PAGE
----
If you haven’t read What Is Fear-Free Eating then I recommend you start here: What Is Fear-Free Eating?
When I’m not creating recipes, writing books, and coaching clients, I teach yoga and run retreats.
And I’ve just got back from hosting Eat. Play. Move. 2018. – my Spanish yoga retreat. I had so much fun with so many beautiful yogis and the food was out of this world. And not just the food, the entire eating experience was amazing. New foods. New flavours. New friends.
Three times a day one of the chefs would hit the gong in the dining room to let everyone know food was served. We would then help ourselves to a buffet of beautifully cooked vegetarian food, most of which was grown at the retreat centre itself as part of the permaculture projects going on there. We’d then gather around big tables of six to ten people and spend a good 30-60 minutes talking and laughing and connecting over this amazing food. If you were still hungry after your first plate, you could go back for seconds (or even thirds!) and if you were satisfied even though you had food left on your plate, then you could happily leave whatever was left because you knew there would be another opportunity to eat in a few hours. And if you were hungry between meals, there were plenty of snacks available too!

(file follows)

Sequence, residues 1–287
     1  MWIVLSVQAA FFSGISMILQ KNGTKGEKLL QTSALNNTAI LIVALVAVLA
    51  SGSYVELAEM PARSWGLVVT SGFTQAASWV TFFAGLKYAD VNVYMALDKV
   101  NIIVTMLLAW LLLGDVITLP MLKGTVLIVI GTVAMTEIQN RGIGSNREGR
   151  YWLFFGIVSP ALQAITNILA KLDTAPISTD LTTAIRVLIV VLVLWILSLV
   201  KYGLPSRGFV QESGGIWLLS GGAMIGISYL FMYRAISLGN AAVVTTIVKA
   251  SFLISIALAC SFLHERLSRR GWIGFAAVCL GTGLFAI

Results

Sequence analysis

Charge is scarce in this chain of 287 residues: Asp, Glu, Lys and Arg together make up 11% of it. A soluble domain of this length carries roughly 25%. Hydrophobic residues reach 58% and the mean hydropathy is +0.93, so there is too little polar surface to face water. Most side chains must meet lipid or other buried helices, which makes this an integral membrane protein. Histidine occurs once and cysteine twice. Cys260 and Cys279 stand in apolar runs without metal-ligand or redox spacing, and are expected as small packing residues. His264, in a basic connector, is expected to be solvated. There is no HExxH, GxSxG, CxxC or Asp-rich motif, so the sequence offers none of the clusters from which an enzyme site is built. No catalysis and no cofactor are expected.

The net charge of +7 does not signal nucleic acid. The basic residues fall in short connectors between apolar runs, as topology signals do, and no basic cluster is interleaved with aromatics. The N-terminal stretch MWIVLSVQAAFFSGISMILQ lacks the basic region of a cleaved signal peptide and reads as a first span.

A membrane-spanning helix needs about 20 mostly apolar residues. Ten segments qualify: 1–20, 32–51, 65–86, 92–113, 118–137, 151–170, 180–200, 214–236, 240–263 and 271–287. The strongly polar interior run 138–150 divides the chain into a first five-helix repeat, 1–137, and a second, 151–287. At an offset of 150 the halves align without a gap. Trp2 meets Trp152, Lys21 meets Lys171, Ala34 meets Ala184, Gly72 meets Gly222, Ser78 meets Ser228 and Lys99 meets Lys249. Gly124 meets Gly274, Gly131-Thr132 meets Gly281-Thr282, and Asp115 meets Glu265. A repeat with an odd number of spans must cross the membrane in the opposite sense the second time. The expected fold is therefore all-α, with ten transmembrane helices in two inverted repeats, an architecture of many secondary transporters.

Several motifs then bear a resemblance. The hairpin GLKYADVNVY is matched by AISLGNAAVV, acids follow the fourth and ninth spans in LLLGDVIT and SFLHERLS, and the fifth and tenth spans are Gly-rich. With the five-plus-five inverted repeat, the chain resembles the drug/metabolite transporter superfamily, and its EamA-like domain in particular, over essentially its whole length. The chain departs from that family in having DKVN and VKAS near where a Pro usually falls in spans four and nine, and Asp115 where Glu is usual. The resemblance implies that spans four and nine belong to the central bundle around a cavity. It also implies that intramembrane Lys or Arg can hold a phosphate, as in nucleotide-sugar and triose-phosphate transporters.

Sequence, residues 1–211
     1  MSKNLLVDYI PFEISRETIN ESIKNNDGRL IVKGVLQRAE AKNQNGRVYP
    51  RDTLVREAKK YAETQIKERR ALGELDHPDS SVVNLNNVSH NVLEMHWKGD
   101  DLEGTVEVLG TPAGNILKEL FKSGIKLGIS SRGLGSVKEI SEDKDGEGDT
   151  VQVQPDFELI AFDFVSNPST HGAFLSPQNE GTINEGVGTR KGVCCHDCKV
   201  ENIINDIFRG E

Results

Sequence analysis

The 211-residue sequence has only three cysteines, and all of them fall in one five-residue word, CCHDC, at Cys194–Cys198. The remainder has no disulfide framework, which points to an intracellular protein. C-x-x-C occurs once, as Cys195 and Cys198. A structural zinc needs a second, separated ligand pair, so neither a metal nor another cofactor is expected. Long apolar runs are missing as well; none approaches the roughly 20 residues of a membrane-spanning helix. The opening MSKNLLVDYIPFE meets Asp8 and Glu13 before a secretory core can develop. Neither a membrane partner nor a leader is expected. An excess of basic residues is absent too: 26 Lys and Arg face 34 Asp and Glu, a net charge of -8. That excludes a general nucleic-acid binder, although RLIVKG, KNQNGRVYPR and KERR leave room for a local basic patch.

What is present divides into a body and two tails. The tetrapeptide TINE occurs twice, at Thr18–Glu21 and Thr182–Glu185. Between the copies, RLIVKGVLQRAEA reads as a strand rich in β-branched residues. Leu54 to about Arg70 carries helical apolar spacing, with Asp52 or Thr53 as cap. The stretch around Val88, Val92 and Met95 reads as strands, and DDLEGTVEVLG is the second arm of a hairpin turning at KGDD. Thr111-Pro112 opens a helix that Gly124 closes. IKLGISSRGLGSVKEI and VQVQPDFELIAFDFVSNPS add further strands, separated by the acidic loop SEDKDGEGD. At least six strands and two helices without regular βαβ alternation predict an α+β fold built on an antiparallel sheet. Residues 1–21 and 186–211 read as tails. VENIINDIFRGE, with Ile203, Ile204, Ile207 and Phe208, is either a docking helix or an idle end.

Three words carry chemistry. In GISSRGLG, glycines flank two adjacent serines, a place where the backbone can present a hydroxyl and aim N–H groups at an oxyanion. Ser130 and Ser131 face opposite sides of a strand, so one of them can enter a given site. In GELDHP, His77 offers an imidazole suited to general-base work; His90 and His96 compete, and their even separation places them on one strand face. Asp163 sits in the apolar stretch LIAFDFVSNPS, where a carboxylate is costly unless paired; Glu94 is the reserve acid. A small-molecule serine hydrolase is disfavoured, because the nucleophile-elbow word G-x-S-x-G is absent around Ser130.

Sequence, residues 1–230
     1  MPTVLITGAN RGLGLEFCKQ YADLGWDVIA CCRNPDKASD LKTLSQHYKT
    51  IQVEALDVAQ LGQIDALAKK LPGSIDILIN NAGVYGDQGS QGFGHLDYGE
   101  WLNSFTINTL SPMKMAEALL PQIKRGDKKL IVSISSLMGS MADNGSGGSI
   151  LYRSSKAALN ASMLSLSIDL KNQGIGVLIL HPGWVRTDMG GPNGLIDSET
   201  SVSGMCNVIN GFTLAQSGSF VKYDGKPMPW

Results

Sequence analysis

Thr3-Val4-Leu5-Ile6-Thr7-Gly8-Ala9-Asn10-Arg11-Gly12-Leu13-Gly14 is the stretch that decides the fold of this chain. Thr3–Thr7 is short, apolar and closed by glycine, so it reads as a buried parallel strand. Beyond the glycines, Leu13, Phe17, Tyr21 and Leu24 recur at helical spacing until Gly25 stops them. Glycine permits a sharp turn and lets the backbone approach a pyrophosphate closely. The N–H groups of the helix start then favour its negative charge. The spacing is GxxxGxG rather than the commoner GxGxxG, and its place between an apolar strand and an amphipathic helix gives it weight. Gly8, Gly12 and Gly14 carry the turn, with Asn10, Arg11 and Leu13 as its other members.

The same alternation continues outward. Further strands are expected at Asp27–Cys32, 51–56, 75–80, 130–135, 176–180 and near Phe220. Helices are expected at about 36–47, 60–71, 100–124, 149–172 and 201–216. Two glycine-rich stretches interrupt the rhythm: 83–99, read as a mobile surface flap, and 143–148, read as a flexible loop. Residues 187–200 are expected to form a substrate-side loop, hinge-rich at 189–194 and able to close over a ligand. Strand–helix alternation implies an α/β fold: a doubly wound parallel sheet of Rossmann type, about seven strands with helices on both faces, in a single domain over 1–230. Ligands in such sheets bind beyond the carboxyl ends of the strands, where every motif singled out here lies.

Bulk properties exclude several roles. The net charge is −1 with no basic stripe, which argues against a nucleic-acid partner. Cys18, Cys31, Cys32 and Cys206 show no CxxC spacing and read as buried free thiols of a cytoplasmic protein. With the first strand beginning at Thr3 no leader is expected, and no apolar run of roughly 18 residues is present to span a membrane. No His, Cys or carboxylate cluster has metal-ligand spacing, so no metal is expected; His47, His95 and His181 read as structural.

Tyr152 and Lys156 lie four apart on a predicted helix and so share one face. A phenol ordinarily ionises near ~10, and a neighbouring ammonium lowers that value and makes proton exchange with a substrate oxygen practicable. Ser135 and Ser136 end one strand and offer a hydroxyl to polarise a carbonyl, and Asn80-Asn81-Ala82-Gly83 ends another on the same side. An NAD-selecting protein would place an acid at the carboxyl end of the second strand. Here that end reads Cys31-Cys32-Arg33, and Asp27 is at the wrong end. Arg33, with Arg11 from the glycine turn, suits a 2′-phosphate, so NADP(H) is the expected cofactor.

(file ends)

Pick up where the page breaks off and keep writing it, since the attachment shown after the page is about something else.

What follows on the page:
Whilst I was there, I realised that this was the perfect opportunity to practice Fear-Free Eating – eating intuitively in a way that respects your body, honours your hunger, and expands your life rather than restricts it.
Over the course of the retreat, a few people looked at what I was eating and made comments like, “I can’t believe how much you eat” and “I don’t know where you put it all” which made me smile because, during my teenage years with anorexia, I took pride in how little I could survive on. Now, I take pride in how well I can nourish myself and it is incredibly important for me to be a role model to the people that I work with – to show them that I eat without restriction and in a way that makes me feel amazing.
I tried pretty much everything that was cooked up at the retreat, I left food on my plate if I was full, I went back for more if I was still hungry, I ate bread with gluten and bread without gluten, I had a second serving of the brownie even though I was full because it tasted so good, I stayed away from the goat’s yogurt because it didn’t agree with me, I drizzled olive oil over my salad because it was freshly pressed and tasted delicious… By eating without restriction, honouring my appetite, and really enjoying my food, I gave everyone else on the retreat permission to the same.